MediaStorm Guide to the Slip Tool

This article is part of a series of posts with tips and tricks from our producers' experience working with Adobe Premiere Pro CC after years of working in Final Cut Pro. To read more about why we made the switch, check out this post. One tool I often overlook when editing is the slip tool. My buddy Tim McLaughlin reintroduced me to its power last week. The slip tool allows you to change the in and out point of a single clip without affecting it’s duration or the duration of adjoining clips. Your project length stays the same. Activate the slip tool with either the shortcut key Y or by clicking on its icon in the toolbar. Next, hover over a video clip and you’ll see that your cursor change to the slip icon. Hold down your mouse and drag forward or backwards inside the clip, don't move the clip itself. You’ll…

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Thoughts on Picture Editing

The writer John Gardner once described a good novel as a “long and continuous dream.”Picture editing at its best, works similarly. It’s an immersive experience. When I think about picture editing, I think of the exact moment one image changes to the next. It’s here that meaning is created, in the viewer’s attempt to make a connection between two different pictures [1]. That “blink” is likewise the foundation of cinema. Picture editing for me is an intuitive process—I’ve been called slow but I think deliberate may be more accurate. I’m obsessive, trying and retrying dozens of variations until one feels right. It’s not always easy to articulate exactly how or why something works because like a dream, the best edits often provoke the viewer precognitively. Nevertheless, here are some questions I ask myself as I work: Does the image advance the story? Does it create forward movement in the narrative by offering…

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Software Inventory 2014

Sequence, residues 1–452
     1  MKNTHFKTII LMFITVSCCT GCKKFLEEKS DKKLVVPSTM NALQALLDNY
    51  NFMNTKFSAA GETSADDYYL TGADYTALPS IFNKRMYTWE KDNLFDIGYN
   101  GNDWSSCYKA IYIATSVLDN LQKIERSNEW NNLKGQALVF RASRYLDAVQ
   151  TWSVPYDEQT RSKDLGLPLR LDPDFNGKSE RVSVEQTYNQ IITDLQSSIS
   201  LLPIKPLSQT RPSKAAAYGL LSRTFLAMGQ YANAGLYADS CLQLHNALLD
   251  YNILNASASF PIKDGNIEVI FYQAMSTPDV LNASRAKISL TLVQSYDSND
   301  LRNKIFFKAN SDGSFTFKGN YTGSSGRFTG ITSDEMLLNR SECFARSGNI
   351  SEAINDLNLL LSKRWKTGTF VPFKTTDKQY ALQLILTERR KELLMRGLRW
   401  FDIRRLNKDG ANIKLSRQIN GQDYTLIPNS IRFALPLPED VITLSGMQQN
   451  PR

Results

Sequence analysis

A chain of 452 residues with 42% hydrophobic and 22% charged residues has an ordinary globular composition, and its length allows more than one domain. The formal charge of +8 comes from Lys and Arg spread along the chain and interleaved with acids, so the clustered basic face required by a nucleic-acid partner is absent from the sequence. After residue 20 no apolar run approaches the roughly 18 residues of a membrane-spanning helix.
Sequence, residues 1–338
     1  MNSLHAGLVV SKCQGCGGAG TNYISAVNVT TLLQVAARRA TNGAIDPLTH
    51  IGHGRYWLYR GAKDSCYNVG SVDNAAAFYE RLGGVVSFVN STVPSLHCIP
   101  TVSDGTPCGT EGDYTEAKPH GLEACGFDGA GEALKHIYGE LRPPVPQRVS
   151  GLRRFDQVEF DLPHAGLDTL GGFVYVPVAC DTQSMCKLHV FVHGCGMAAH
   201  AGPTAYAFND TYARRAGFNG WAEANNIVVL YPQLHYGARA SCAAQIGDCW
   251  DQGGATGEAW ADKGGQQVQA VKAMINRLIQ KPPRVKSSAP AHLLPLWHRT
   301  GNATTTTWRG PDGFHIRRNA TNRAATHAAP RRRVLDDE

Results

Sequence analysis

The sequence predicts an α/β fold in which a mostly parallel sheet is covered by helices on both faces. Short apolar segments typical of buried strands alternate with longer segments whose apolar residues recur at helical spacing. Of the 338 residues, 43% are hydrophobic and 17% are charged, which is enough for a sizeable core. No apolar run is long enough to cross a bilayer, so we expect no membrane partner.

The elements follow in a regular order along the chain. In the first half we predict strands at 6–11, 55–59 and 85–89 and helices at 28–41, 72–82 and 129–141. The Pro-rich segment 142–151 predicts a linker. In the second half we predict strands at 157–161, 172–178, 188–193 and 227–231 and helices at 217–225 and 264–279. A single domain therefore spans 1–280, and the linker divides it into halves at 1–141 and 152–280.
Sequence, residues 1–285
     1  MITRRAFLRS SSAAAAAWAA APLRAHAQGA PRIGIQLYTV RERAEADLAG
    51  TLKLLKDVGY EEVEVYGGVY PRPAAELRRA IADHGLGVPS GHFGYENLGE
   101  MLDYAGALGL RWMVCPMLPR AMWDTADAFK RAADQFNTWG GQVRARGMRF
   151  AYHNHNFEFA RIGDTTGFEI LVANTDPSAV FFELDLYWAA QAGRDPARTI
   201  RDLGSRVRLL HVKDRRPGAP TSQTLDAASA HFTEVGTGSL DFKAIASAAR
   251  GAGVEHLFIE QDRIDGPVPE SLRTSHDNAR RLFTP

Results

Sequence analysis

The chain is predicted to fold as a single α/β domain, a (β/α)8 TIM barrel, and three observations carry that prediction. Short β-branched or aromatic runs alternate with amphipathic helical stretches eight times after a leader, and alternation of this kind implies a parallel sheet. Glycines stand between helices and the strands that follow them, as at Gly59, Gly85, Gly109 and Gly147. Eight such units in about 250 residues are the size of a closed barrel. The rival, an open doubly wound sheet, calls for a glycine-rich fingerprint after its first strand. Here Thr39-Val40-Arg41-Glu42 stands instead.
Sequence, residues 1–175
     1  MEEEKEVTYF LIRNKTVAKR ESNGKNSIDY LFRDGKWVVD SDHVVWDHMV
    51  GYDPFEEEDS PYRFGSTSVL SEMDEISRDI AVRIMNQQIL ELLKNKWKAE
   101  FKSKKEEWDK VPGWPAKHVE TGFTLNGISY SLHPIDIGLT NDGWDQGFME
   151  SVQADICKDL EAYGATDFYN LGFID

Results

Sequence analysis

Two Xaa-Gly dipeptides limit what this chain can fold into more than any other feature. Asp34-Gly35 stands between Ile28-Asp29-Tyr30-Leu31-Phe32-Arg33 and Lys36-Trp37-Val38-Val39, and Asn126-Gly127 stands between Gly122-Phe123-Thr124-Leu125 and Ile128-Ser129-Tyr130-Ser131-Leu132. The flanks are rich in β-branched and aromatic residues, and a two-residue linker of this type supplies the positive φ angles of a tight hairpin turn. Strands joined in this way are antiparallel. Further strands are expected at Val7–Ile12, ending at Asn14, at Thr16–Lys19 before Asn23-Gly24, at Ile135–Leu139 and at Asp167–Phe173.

I thought the start of the new year would be a good time to review the software I use most frequently at MediaStorm.

The Essentials

Adobe Premiere Pro CC (starting at $19.99 a month) – Back in October of 2012 MediaStorm announced our decision to use Premiere Pro, not FCP X. With the advent of CC, the updates are faster and the software keeps getting better.

Aperture (Mac App Store, $79.99) – Aperture is Apple’s workhouse picture-editing software. While it’s due for an update, we’ve been relying on Aperture for the better part of a decade. For an extensive guide to Aperture see the MediaStorm Post-production Workflow ($14.95).

Keyboard Maestro ($36.00) – Keyboard Maestro is a macro utility. When a user inputs a single keyboard shortcut, Keyboard Maestro will respond with a series of predefined actions. This small application really increased my logging speed last year. See MediaStorm Guide to Super Fast Logging with Premiere Pro and Keyboard Maestro.

PluralEyes ($199) – Essential software for syncing multiple audio or video sources. See MediaStorm Guide to Creating Multi-Camera Sequences in Premiere Pro, Part 1.

Final Cut Pro 7 – Apple’s venerable editing software is no longer available for purchase nor is it in heavy use around the office. But with nearly 40 TB of legacy projects, it’s still critical to have a copy on our production stations.


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Story is the Point

Back in the 90s, as a graduate student in creative writing, I discovered the novels and short stories of Richard Yates. His masterpiece Revolutionary Road, which was the basis for the 2008 film starring Leonardo DiCaprio, depicts the stifled dreams of a suburban couple. Kurt Vonnegut called the book the greatest American novel since Fitzgerald’s The Great Gatsby. Last week, I found a series of quotes by the author. One in particular stood out. “Don’t be seduced by prose, the point is structure.” I think the parallel is clear. To paraphrase, don’t be seduced by gorgeous imagery. Story is the point. Now don’t get me wrong, I love beautiful video. I adore it. And seeing a stunning photograph for the first time is like a window opening in your heart you didn’t know was there. It’s a revelation. In fact, I’ve written elsewhere that we should embrace the grammar and aesthetics of…

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MediaStorm Guide to Audio Configuration in Premiere Pro CC

This article is part of a series of posts with tips and tricks from our producers' experience working with Adobe Premiere Pro after years of working in Final Cut Pro. To read more about why we made the switch, check out this post. This screencast illustrates the basics of configuring your audio setting in Premiere Pro CC. Topics covered include: • How to set up your audio preferences for better importing. • The difference between single and dual track stereo files. • How to change a dual track stereo file to a single track stereo file. • How to mirror your strongest audio signal on both left and right channels.

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